Having released the Circle Pad Pro in Japan over the weekend, all eyes turned to Nintendo to unveil when U.S. gamers would get in on the "dual-analog" fun. Without any fancy press conferences, Nintendo mentioned in passing that the dock will be released on Feb. 7 for $20 through Gamestop.
Not expected until late 2012, Nintendo's kept the gaming public in the dark on the Wii U's tech specs. What kind of processor and how much RAM? Any boost in graphics? New intel suggests the Wii U's CPU is actually similar to the five-year-old Xbox 360's, but with a few mushroom power-ups elsewhere.
At E3, I waited nearly two hours to play Nintendo's Wii U. It was worth every leg cramp. Most fans thought they'd be playing the console by at least summer, but it looks like it won't come out until the 2012 holiday season.
Along with news of the Expansion Slide Pad, Nintendo will also be offering another software update that'll let 3DS users shoot their own fun 3D videos. Time to shoot my homemade AVATAR sequel.
Nintendo didn't even mention the 3DS's second Circle Pad attachment at its pre-Tokyo Game Show (it never attends the show) 3DS conference last night. But sure enough, a tiny blurb popped up on its Japanese site pricing, dating and listing the games that will support the expansion attachment.
It's real. Scans from the latest issue of Japanese magazine Famitsu have confirmed the Nintendo 3DS will receive a second analog stick as well as an extra pair of shoulder triggers with a bulky accessory. Yay, gamers and game developers win, right? Not exactly.
Even with an insane price cut, Nintendo could still be worried that its glasses-free 3D push with the 3DS isn't winning gamers fast enough. A new report suggests that Nintendo might be planning a new 3DS that'll add on a second Circle Pad (analog stick) and downplay the eye-popping 3D effects.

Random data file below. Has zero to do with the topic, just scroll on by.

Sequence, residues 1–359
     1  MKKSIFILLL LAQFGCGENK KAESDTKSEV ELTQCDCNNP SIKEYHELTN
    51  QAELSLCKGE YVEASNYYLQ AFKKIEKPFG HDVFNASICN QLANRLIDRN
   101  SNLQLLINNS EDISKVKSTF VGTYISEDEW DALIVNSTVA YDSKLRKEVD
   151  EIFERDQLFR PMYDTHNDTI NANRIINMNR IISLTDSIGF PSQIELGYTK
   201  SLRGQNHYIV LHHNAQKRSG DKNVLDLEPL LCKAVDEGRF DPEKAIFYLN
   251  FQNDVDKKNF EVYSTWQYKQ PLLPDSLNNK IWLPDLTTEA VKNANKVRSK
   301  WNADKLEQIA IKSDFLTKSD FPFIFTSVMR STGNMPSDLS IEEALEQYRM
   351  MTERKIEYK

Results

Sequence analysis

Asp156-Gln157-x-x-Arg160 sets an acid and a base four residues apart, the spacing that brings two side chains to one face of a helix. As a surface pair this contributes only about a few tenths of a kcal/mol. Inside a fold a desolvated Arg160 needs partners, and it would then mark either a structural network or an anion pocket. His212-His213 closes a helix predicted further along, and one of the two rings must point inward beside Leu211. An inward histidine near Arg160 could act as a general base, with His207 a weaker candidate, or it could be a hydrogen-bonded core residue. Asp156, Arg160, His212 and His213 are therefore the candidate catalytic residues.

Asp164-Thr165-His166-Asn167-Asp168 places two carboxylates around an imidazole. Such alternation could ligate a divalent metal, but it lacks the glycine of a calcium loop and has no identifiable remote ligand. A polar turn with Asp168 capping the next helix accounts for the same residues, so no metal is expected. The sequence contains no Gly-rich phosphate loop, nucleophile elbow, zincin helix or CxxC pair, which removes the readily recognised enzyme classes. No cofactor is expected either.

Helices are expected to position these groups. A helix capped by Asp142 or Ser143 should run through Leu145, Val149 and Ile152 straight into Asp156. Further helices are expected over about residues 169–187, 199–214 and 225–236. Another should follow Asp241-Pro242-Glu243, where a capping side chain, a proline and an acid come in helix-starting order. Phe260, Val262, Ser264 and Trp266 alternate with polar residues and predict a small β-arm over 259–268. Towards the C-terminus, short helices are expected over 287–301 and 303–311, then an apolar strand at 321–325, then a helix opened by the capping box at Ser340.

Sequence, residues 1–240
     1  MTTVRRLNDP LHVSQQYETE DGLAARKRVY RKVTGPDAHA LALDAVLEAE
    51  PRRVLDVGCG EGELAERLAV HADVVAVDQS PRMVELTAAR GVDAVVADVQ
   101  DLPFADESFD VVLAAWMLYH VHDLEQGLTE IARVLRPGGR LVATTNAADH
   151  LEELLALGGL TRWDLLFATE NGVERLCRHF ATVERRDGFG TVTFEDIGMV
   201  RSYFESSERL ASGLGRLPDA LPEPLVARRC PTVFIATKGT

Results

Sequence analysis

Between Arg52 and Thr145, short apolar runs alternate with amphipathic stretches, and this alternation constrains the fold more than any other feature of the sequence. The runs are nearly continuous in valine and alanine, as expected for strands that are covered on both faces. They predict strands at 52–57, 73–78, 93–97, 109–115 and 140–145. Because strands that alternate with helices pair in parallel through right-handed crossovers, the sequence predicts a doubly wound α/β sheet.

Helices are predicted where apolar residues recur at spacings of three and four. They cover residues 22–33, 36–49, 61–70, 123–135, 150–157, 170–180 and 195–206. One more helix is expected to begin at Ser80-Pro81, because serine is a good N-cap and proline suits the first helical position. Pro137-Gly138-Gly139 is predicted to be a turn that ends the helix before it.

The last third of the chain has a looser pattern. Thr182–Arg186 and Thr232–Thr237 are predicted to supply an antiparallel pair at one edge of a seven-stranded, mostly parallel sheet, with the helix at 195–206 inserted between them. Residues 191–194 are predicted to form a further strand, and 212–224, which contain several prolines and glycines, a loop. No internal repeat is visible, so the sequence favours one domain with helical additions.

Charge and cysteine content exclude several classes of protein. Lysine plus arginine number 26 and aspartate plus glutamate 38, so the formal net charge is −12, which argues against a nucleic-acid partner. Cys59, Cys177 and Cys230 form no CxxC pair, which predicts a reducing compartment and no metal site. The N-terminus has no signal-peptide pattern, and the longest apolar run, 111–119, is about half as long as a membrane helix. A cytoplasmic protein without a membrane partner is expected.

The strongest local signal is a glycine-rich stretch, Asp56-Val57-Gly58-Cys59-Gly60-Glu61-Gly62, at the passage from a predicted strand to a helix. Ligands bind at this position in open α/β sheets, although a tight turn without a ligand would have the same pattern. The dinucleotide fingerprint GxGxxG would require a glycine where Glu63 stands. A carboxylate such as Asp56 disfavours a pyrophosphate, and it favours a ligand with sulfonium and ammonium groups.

First Sony strips the PSP of its Wi-Fi and now Nintendo's nixing GameCube compatibility on its redesigned Wii. Gaming's going down the drain for everybody whose name isn't Microsoft and Steam.
Nintendo's 3DS is treading on thin ice. It's lost a lot of momentum since it was launched in February in Japan and March in North America and Europe. As a result, a drastic price cut from $250 to $170 was necessary in order keep the 3DS from becoming the next Virtual Boy. Looks like the price cut is working, at least in Japan.
The house that Mario built's always been a step behind the curve, but no more. After a dramatic price cut to the four-month-old 3DS, Nintendo's revealed its plans to offer downloadable content (DLC) and micro transactions through its eShop for the glasses-free handheld and the upcoming Wii U console.